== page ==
I’m taking a stab at a metaphor to hopefully will help you understand the importance of each of these phases. let’s pretend your desire to have a coaching business is an apple tree seed. For good measure, you put several of these vision seeds into healthy soil, give them water, warmth and light. Soon, little sprouts come up.
You leave the strongest seedlings to grow and sacrifice the rest. That’s when you nail down your niche and audience. The goal is to have one little tree to focus you love and attention.
The Establish Phase
This is where your business begins to feel real. You will:
- Consistently put out good content targeted to your audience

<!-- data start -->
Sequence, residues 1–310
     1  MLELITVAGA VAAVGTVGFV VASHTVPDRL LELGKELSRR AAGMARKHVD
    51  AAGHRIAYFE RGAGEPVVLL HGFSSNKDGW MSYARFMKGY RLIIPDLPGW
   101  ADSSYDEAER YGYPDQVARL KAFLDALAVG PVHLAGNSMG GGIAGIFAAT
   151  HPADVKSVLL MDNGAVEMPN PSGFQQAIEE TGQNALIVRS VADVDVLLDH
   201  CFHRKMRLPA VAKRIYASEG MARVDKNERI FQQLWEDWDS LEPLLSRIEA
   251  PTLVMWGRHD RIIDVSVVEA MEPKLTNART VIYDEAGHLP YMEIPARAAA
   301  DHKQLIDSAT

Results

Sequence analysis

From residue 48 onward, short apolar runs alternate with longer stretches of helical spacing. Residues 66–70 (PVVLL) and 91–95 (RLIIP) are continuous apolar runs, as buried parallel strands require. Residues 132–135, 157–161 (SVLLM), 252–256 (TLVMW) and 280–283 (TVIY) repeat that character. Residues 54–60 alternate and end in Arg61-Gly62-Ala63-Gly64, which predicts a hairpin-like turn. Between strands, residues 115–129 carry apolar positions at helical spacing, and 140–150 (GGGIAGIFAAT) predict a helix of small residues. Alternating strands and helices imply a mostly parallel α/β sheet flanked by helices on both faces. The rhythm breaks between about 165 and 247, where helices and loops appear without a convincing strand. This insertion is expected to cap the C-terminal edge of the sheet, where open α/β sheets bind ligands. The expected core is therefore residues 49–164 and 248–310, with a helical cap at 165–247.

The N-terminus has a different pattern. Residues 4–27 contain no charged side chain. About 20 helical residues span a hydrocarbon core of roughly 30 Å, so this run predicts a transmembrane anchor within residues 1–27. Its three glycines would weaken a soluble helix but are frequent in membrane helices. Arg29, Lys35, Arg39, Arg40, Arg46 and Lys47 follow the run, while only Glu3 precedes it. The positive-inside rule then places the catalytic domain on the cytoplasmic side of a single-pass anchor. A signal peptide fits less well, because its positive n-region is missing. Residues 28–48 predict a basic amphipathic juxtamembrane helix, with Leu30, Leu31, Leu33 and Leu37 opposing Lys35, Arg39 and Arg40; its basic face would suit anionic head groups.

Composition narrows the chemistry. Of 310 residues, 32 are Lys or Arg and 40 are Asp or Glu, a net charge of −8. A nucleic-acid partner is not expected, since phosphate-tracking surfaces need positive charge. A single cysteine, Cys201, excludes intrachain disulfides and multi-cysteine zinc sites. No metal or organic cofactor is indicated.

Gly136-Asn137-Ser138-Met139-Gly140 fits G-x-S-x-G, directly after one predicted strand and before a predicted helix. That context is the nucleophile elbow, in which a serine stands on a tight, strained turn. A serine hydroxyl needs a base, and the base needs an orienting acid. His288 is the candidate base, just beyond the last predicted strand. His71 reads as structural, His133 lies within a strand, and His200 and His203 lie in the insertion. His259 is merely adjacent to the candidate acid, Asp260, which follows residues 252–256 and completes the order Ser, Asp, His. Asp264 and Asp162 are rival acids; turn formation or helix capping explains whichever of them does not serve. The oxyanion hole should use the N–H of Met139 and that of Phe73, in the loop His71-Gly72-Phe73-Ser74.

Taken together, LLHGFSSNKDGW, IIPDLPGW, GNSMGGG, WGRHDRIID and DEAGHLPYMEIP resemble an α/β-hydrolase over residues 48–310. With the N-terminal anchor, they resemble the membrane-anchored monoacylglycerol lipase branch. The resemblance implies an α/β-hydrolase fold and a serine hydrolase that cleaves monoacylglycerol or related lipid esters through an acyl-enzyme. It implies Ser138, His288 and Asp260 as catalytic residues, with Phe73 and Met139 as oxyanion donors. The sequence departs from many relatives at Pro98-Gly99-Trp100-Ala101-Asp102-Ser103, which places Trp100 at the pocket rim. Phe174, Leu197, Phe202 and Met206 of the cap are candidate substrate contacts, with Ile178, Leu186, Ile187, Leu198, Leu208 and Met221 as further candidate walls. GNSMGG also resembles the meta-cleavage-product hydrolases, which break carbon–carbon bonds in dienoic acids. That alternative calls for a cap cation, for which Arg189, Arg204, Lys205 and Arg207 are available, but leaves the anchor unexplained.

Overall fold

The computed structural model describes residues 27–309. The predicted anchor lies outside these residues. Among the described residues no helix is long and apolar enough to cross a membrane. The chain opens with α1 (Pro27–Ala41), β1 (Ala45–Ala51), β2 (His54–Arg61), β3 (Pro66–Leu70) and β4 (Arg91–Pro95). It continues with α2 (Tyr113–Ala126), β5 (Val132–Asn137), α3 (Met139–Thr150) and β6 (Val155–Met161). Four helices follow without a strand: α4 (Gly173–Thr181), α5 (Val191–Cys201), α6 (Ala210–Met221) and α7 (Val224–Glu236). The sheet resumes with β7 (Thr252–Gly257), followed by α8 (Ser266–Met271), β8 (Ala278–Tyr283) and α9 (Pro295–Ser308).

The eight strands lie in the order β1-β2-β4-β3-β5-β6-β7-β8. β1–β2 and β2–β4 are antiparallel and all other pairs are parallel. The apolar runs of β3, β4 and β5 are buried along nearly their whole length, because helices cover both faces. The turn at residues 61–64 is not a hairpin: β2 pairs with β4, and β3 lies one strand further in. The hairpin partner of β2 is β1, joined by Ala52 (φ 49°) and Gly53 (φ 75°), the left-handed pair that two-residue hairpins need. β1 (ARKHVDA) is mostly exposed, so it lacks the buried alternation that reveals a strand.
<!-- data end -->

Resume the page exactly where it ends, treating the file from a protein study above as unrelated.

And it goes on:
- Develop your reputation
- Build your leads list and followers on social media
- Master enrolling clients
- Earn enough to quit your job
- Grow your website SEO
- Find spheres of influence or colleagues who can help your star rise
- Establish the ideal rhythm and flow of your business
- ·Fine tune your business to maximize profits and work smarter
Back to the metaphor … your little tree has set down strong roots and delivers its first harvest.
The Maintain or Scale Phase
You’ve made it!
- You’ve found your sweet spot. Now maintain it. Enjoy it.
- Or, if you’re hungry to do more, expand into new programs, products or markets.
This is where your apple tree becomes a reliable producer. It not only feeds your family, but also can grow into a whole orchard if you want.
So why did I tell you about these phases?
Partly so you know that reaching that desired place of the sweet spot requires successful completion of the stages before it.